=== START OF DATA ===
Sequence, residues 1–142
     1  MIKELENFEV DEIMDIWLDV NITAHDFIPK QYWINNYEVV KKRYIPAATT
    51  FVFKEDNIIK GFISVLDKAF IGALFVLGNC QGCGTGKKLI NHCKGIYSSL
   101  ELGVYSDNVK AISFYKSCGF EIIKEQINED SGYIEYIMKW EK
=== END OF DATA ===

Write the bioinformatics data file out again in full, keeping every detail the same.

Sequence, residues 1–142
     1  MIKELENFEV DEIMDIWLDV NITAHDFIPK QYWINNYEVV KKRYIPAATT
    51  FVFKEDNIIK GFISVLDKAF IGALFVLGNC QGCGTGKKLI NHCKGIYSSL
   101  ELGVYSDNVK AISFYKSCGF EIIKEQINED SGYIEYIMKW EK